Thursday, November 8, 2012

My Idea of Patriotism

I noodled around with this post yesterday, but it appears I never put it up.  Little late post ...


Yesterday, leaving the polling place, it seemed of course dead appropriate to me to listen to an Englishman, so I cruised on Bowie and enjoyed my commute.  He finished off my drive with "Heroes" - a song I've always found pretty powerful, but which seemed appropriate to the culmination of a wearing campaign season. 

Today, once I shifted away from NPR, I hit the radio instead of the CD player, and was treated to ...  "Too Sexy for My Shirt" which was a giggle.  Even more of a laugh, the "we play anything" station segued from Shirt into Tom Petty - hilarious enough given almost any track, but again, somehow pleasing and appropriately, the song they chose to play was "American Girl". 

I liked Petty fine when I was younger - he never set my teeth on edge the way Springsteen *STILL* does, nor got worn out by the DJs like Stevie Nicks and Led Zeppelin did.  I was enough of a little white Southern girl (still am ...) to go for the rock they fed us - Bad Company (yes, I'm aware they're not exactly Georgia boys; tell it to every pink-necked boy I grew up with), even Charlie Daniels, I can admit that.  Petty, though, has aged very well indeed, and he appears to be a pretty smart cookie, as simple as a song like "American Girl" may seem in its way.  Simplicity, as it turns out - particularly with music of a certain flavor - is genius, and "American Girl" still curls up in a VERY comfortable place indeed in my aging mind.  Petty doesn't feel stale - where, as much as I like it, "Shooting Star" feels of-its-time in a very different way.  BC take me back.  Petty just is.  American Girl may not sound modern - and his early 90s work in particular is less flexible - but take a listen to "Breakdown" and it doesn't drag you to a particular place (unless you have a personal association to link that song to a memory of your own) necessarily.  He doesn't sound more 70s than 80s than now, his music has a tensile twang that, no matter when you hear it, you can take or leave.  It's likeable - or it's not.  But it's not laden with bellbottoms or skinny ties or mullets or election-memories, circa 2000.  (Sorry, Fleetwood Mac, but y'all tied yourselves to Clinton in '93, and ever since, there've been branding issues with politics and music.  Happy end-of-your career, Kid Rock ...)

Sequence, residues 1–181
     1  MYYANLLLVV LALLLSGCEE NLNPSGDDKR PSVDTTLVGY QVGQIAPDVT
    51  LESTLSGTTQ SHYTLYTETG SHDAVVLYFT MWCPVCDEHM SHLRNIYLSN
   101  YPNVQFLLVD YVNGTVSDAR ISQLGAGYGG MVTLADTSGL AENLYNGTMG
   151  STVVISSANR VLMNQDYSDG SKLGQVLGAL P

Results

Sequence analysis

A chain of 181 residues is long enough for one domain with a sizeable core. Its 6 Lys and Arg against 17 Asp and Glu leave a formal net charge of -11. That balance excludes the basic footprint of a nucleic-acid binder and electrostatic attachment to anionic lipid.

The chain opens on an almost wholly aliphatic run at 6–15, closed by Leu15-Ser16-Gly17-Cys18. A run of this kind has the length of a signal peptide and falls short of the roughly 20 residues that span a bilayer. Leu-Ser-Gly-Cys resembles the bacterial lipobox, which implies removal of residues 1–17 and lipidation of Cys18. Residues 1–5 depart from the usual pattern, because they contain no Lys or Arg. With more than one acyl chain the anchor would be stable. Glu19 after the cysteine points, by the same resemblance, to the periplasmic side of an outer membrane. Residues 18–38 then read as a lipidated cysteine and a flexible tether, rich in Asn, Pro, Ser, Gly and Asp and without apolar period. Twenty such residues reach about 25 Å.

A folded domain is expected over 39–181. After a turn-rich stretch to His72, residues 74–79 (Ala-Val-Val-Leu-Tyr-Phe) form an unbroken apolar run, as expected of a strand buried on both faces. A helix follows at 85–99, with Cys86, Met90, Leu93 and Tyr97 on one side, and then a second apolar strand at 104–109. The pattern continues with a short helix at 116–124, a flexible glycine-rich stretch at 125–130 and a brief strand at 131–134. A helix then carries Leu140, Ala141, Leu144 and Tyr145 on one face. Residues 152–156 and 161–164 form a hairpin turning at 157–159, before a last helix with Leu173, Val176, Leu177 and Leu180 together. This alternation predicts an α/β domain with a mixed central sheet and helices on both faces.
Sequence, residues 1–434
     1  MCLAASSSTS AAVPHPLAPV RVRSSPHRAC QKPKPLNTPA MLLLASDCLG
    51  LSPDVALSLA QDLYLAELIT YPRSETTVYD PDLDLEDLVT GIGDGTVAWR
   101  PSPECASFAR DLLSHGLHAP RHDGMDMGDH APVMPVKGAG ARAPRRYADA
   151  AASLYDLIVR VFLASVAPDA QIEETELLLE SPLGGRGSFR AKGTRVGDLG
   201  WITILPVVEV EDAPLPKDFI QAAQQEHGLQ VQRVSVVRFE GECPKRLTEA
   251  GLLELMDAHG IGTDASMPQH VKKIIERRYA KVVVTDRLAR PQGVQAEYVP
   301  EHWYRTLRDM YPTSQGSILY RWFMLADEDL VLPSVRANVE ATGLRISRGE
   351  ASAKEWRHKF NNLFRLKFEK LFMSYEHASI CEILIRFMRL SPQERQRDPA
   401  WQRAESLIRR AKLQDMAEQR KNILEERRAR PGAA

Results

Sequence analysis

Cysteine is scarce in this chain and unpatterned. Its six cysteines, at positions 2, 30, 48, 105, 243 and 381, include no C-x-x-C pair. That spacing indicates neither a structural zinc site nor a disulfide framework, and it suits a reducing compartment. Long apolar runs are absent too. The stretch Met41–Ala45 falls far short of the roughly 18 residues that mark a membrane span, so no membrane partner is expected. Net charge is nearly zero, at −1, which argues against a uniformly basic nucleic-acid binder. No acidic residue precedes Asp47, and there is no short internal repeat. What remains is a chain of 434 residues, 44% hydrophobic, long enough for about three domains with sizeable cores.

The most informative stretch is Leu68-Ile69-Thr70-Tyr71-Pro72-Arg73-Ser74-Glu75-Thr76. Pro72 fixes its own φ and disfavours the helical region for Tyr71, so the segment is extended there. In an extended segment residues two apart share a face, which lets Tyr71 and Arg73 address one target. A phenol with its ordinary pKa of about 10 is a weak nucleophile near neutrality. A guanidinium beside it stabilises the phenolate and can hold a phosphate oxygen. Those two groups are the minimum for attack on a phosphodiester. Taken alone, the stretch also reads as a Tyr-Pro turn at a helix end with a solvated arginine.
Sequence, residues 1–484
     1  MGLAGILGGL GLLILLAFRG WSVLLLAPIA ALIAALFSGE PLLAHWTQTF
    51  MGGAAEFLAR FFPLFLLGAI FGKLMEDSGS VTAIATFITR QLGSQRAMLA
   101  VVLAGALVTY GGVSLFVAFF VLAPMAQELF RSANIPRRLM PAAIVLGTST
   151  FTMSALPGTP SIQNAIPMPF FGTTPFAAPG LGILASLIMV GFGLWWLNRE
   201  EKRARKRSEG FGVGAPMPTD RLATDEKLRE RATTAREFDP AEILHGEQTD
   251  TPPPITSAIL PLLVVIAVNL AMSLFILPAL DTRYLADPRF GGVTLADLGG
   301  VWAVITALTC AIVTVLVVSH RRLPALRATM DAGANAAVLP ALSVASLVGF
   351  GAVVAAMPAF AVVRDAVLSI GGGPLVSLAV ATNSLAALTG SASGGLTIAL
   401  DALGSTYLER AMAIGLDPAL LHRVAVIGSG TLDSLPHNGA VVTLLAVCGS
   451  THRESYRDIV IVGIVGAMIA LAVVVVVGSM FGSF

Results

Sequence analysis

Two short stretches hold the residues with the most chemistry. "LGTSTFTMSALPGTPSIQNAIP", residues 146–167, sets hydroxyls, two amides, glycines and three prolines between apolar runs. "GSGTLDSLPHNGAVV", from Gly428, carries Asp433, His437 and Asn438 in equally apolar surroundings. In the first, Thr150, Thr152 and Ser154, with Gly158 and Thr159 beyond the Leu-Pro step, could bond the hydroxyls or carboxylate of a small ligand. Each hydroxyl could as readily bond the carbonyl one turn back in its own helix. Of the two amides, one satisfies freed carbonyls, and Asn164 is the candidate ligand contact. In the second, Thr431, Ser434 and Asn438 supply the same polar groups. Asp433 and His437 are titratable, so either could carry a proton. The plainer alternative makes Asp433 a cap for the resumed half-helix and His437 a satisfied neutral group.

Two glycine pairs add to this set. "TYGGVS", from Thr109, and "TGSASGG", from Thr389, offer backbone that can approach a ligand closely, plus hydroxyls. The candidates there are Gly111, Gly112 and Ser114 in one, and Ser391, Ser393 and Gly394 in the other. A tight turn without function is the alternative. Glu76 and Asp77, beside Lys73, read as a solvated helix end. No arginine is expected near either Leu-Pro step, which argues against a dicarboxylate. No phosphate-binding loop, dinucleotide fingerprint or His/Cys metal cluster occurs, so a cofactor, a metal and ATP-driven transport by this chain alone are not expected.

We've come to the part of the year where it's still dawn and dim when I drive in to work, and dark when I go home.  Music can be more fun on a breezy golden day, with a sunroof - but music in the intimacy of cold and dark, all alone in the car with the news of the day quieting the noisy tires, music can really make me laugh (you all KNOW I was thinking of the President when Right Said Fred was playing when I changed channels - right?  I'm not one of those women with a crush, but he's by far the only president I can imagine who *could* laughingly listen to that song in front of all of us, and maybe bust a little move or two), and music can make me just feel good.  Thanks, Tom.  You're not half bad, says this American ... Broad.


Mojourner said...

Good post. I especially appreciate anything that kicks Kid Rock on his way down.

The Petty song playing up here in WA after the election was "Last Dance with Mary Jane." Or is that "first dance," or "I can finally dance with mary jane in public." Or maybe just "Danza Ultimo con Marijuana." Whichever it was, it was Kim Basinger's finest role.

DLM said...

Hah - I had definitely not thought about that song as an election topper, but nice giggle. And yes, that was deBasingherself's best role wasn't it?